The book is full of such moments. If you’ve read it, do you remember the description of Uncle Podger putting up a picture, the frustrated attempts to open a tin of pineapple chunks, the fierce arguments with other boaters? Alongside the comedy Three Men in a Boat contains some lovely lyrical passages about the river. There are lots of facts too, perhaps derived from J’s original plan for the book, which was simply a history of the Thames. As the three men either row or tow their boat upriver, there are digressions on Magna Carta, Henry VIII, Elizabeth I, Hampton Court, the Hellfire Club at Medmenham Abbey and plenty of scintillating detail about pubs along the route, many of which are still there. In fact you could use the book as a guidebook and companion on a river trip today. And why not stay at the Barley Mow at Clifton Hampden, as Jerome recommends? ‘It is, without exception, I should say, the quaintest, most old-world inn up the river.’ In its romantic medievalism, parts of Three Men in a Boat recall that other radical river-based novel of the late nineteenth century, William Morris’s News from Nowhere, published in 1890. To both men the river symbolized a more harmonious society. As the friends row or pull their boat from Chertsey to Windsor to Reading to Abingdon, Jerome also inserts some pretty scathing social commentary, and it’s for this as well as the raw laughs that it’s worth revisiting this nineteenth-century bestseller. In his 1924 memoir, Arthur Conan Doyle, who wrote for Jerome’s magazine The Idler, praised Three Men in a Boat, saying, ‘It has all the exuberance and joy of life which youth brings with it.’ But he also noted that ‘Jerome is a man who, like most humorists, has a very serious side to his character . . . he was inclined to be hotheaded and intolerant in political matters, from pure earnestness of purpose, which alienated some of his friends.’ Examples of this can be found in Three Men in a Boat. For one thing, Jerome was fiercely opposed to the way landowners put up ‘Keep Out’ signs all along the river.
The selfishness of the riparian proprietor grows with every year. If these men had their way they would close the River Thames altogether. They actually do this along the minor tributary streams and in the backwaters. They drive posts into the bed of the stream, and draw chains across from bank to bank, and nail huge notice-boards on every tree. The sight of those noticeboards rouses every evil instinct in my nature. I feel I want to tear each one down, and hammer it over the head of the man who put it up, until I have killed him, and then I would bury him, and put the board up over the grave as a tombstone. I mentioned these feelings of mine to Harris, and he said he had them worse than that. He said he not only felt he wanted to kill the man who caused the board to be put up, but that he should slaughter the whole family and all his friends and relations, and then burn down his house. This seemed to me to be going too far, and I said so to Harris; but he answered: ‘Not a bit of it. Serve ’em all jolly well right, and I’d go and sing comic songs on the ruins.’
Work and its avoidance is also a theme of Three Men in a Boat: ‘It seemed to me,’ observes J, ‘that I was doing more than my fair share of work on this trip . . . It is not that I object to the work, mind you; I like work: it fascinates me. I can sit and look at it for hours.’ In one digression he remembers reading a ‘liver-pill circular’ that describes the symptoms of liver failure. One of them he certainly had: ‘a disinclination towards work of any kind’. Jerome was a democrat in the sense that he wanted everyone to enjoy the high life. Literacy had increased enormously since the 1870 Education Act which had created a voracious reading public. In a manifesto for his Idler magazine, founded in 1892, he wrote that the plan was ‘to appeal to that growing public which possesses literary tastes and artistic sympathies. I wish to make it a magazine that will be almost a need to thinking men and women.’ His radicalism may have resulted from his early poverty. Though he came from a middle-class background, his family never had any money. His father was a failed entrepreneur who died when Jerome was 12, and the boy left school at 14. He got a job as a clerk at Euston Station and two years later became an actor, travelling round the country in rep. He then became a freelance hack and his first, autobiographical, book, On the Stage – and Off, was published in 1885. As well as The Idler, he founded a periodical called To-Day. However, in Private Eye-style he found himself on the receiving end of a lawsuit. His paper had, perhaps hotheadedly, accused one Samson Fox – great-grandfather of the actors Edward and James Fox and an extremely wealthy industrialist of the time (think Elon Musk) – of misleading investors. Jerome found himself liable for legal costs of £9,000 (about £900,000 in today’s money). He was declared bankrupt and had to sell both magazines to his friend and co-editor Robert Barr, though he continued to contribute to and help edit them. Like Diogenes and John Lennon, in Three Men in a Boat Jerome preaches simplicity as the path to a happy life. He bemoans the materialism and obsession with status of his day:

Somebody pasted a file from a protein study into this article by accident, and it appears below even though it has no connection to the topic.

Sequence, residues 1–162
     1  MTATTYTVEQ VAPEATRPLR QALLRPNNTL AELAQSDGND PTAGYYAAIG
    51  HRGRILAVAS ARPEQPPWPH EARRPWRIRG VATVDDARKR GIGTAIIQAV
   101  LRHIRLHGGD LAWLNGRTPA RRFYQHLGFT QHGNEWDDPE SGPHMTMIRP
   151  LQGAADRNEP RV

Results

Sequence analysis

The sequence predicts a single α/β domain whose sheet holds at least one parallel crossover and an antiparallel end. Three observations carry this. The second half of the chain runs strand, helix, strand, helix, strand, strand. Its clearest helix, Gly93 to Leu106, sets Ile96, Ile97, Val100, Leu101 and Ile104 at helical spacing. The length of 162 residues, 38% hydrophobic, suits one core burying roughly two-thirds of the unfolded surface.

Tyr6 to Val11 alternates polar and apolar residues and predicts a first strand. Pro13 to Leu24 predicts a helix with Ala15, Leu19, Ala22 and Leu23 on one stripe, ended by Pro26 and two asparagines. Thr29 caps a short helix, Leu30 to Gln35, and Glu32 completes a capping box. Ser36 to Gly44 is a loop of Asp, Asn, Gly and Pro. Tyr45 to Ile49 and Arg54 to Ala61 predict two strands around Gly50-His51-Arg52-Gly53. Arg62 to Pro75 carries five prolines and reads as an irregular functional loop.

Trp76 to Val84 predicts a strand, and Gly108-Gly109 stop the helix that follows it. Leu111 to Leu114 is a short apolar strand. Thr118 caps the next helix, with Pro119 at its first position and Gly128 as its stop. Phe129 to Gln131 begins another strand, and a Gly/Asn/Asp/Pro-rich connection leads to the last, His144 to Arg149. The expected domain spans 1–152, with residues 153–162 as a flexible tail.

How [people] pile the poor little craft mast-high with fine clothes and big houses; with useless servants, and a host of swell friends that do not care twopence for them . . . with the dread of what my neighbours will think, with luxuries that only cloy . . . throw the lumber over, man! Let your boat of life be light, packed only with what you need!
Yes, he says, only partly ironically, lighten the load. ‘You will have time to think as well as to work. Time to drink in life’s sunshine.’ And what a wonderful finale it is when the men abandon the boat trip four days early, just beyond Oxford, and scoot back to London for a slap-up meal. It’s so familiar, that sense of the joy of luxury after a period of ascetic living. ‘[T]he odour of Burgundy, and the smell of French sauces, and the sight of clean napkins and long loaves, knocked as a very welcome visitor at the door of our inner man.’

Extract from Slightly Foxed Issue 82 © Tom Hodgkinson 2024


About the contributor

Tom Hodgkinson is editor of today’s Idler magazine and is the author of several books including How to Be Idle and How to Be Free.